September 22, 2012 marked the 150th anniversary of the Emancipation Proclamation signed by President Abraham Lincoln in 1862. It was not the decree that ended slavery in the U.S., but its effect, as an executive order, provided that all enslaved people in the 10 states in rebellion against the U.S. were to be freed. It was not until 1865, after the passage of the Thirteenth Amendment, that slavery in the U.S. was declared illegal.
The Emancipation Proclamation is one of the nation's most historic and revered documents, housed at the National Archives. It represents the United States' and African Americans' tortuous history marked by barbaric human bondage, death by war, and ferocious political discourse that literally tore the nation apart.
For most Americans, the wounds of that period have healed, and for those who are the descendants of slaveholders, attempts to erase away any vestiges of the roles their ancestors may have played have been successful. African Americans, on the other hand, are still impacted by the experience that lasted for more than 400 years. And, attempts to bury the past have been futile. Their expectations of the nation's first African-American president is derived from that experience and goes further to suggest that like President Lincoln, President Obama could and should speak openly and freely about the plight and proposed programs that directly impact African Americans.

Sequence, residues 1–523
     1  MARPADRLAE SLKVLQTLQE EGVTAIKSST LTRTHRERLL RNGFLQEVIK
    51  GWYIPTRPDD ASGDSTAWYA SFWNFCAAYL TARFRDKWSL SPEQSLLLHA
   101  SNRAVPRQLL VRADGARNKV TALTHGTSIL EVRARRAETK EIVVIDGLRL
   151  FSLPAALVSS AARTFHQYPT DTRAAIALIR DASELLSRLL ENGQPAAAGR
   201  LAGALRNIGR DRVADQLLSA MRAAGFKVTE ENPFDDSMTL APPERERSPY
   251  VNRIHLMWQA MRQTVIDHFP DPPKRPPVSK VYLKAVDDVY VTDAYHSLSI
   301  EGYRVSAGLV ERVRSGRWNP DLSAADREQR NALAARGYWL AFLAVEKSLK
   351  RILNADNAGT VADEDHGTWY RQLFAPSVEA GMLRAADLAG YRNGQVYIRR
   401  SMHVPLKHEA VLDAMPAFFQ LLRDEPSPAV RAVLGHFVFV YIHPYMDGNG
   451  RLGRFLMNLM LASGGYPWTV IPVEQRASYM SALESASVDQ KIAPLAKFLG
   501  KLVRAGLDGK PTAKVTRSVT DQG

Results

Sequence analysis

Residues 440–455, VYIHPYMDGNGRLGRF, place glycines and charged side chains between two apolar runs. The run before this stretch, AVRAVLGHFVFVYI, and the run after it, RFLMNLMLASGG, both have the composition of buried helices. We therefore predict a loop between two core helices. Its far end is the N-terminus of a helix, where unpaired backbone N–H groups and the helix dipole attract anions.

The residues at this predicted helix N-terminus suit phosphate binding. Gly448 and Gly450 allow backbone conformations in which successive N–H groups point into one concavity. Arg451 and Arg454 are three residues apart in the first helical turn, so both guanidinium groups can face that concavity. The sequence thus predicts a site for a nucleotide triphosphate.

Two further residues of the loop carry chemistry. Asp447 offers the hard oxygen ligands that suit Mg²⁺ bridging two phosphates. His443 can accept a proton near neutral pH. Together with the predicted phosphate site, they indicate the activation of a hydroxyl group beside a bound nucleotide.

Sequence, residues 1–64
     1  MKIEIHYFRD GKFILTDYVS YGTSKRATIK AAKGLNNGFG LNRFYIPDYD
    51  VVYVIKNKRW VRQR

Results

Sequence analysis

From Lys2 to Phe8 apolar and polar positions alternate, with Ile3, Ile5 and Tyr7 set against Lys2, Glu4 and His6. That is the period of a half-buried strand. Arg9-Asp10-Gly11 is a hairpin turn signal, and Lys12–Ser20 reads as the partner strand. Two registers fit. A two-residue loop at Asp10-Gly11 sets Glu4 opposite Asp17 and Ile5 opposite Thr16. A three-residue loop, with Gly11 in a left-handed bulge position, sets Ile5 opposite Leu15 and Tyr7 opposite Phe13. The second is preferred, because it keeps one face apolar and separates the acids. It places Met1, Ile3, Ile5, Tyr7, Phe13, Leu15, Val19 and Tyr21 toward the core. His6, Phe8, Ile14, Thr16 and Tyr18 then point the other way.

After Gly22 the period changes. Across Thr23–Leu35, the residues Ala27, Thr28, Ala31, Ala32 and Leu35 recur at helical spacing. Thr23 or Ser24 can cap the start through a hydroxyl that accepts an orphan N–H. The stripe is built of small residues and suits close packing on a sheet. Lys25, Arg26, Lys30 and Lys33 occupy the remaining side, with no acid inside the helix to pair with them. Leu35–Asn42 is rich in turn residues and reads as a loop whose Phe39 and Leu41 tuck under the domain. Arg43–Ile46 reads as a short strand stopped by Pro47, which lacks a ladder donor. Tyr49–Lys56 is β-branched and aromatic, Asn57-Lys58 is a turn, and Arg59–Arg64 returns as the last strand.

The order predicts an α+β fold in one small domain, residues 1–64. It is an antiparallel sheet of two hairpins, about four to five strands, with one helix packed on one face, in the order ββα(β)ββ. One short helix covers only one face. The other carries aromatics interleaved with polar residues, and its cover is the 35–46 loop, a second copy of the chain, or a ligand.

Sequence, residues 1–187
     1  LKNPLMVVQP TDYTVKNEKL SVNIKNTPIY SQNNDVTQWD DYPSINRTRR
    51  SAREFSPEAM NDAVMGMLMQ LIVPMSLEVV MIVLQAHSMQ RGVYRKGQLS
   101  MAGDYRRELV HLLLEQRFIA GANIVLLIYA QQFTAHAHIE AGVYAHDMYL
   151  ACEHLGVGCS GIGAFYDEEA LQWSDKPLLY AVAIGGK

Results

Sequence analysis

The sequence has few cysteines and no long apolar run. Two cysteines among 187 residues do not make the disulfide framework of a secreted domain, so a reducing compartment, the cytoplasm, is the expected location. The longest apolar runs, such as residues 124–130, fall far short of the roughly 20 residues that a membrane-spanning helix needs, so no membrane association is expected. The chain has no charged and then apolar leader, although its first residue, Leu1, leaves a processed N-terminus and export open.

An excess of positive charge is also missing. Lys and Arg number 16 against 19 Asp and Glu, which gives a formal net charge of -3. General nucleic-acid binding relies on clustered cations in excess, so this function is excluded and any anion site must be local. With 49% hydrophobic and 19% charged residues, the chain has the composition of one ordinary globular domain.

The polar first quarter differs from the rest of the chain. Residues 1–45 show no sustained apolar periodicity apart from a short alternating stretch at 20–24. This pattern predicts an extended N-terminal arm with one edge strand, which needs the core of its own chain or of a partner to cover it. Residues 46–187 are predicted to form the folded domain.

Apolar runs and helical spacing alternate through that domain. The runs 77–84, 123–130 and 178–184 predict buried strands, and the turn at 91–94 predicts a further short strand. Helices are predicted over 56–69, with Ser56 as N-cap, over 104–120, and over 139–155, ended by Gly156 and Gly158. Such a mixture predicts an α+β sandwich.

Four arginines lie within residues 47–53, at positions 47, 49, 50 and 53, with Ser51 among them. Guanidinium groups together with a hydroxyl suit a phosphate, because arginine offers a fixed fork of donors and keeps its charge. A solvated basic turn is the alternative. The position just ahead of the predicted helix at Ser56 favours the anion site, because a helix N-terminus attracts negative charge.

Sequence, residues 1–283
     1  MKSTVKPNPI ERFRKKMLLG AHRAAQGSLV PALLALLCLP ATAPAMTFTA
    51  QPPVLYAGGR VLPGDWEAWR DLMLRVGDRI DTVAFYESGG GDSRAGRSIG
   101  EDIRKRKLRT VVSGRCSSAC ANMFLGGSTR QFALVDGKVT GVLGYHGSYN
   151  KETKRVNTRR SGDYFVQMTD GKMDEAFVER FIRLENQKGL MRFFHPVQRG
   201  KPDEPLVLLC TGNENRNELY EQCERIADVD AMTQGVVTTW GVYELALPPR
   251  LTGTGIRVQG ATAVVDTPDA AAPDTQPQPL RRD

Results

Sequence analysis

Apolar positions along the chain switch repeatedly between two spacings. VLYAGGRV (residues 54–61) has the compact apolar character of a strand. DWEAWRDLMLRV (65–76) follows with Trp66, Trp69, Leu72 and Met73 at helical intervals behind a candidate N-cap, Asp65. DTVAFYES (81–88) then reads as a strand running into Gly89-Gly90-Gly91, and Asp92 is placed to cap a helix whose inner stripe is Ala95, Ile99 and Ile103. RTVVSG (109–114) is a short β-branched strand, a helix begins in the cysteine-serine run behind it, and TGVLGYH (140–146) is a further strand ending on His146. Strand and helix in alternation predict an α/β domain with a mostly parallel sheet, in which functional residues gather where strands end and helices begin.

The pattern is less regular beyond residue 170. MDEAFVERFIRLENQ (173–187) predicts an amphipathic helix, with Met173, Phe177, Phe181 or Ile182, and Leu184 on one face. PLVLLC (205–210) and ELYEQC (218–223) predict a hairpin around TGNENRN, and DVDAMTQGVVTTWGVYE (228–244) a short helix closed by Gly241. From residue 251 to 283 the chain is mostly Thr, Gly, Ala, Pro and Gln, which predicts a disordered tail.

So, why is it that the anniversary of this momentous occasion was so easily overlooked? How is it that the celebration of the symbol of freedom for a nation – African Americans represent more than 38.9 million people in the U.S. – is downplayed and relegated to just another Sunday in America?
Frederick Douglass, abolitionist, author and orator, encouraged President Lincoln to sign an executive order to end slavery and he remained a staunch advocate for freedom and a critic of whites and African Americans until his death. He reminded them that, "A battle lost or won is easily described, understood, and appreciated, but the moral growth of a great nation requires reflection, as well as observation, to appreciate it."